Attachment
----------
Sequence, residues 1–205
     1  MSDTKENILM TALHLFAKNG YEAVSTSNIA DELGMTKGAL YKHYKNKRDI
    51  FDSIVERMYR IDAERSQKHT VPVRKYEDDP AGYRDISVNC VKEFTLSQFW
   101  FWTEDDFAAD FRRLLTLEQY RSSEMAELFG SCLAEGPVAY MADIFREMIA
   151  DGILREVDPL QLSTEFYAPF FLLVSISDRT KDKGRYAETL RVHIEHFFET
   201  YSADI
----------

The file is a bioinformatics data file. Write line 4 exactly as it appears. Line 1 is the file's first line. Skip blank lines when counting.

   101  FWTEDDFAAD FRRLLTLEQY RSSEMAELFG SCLAEGPVAY MADIFREMIA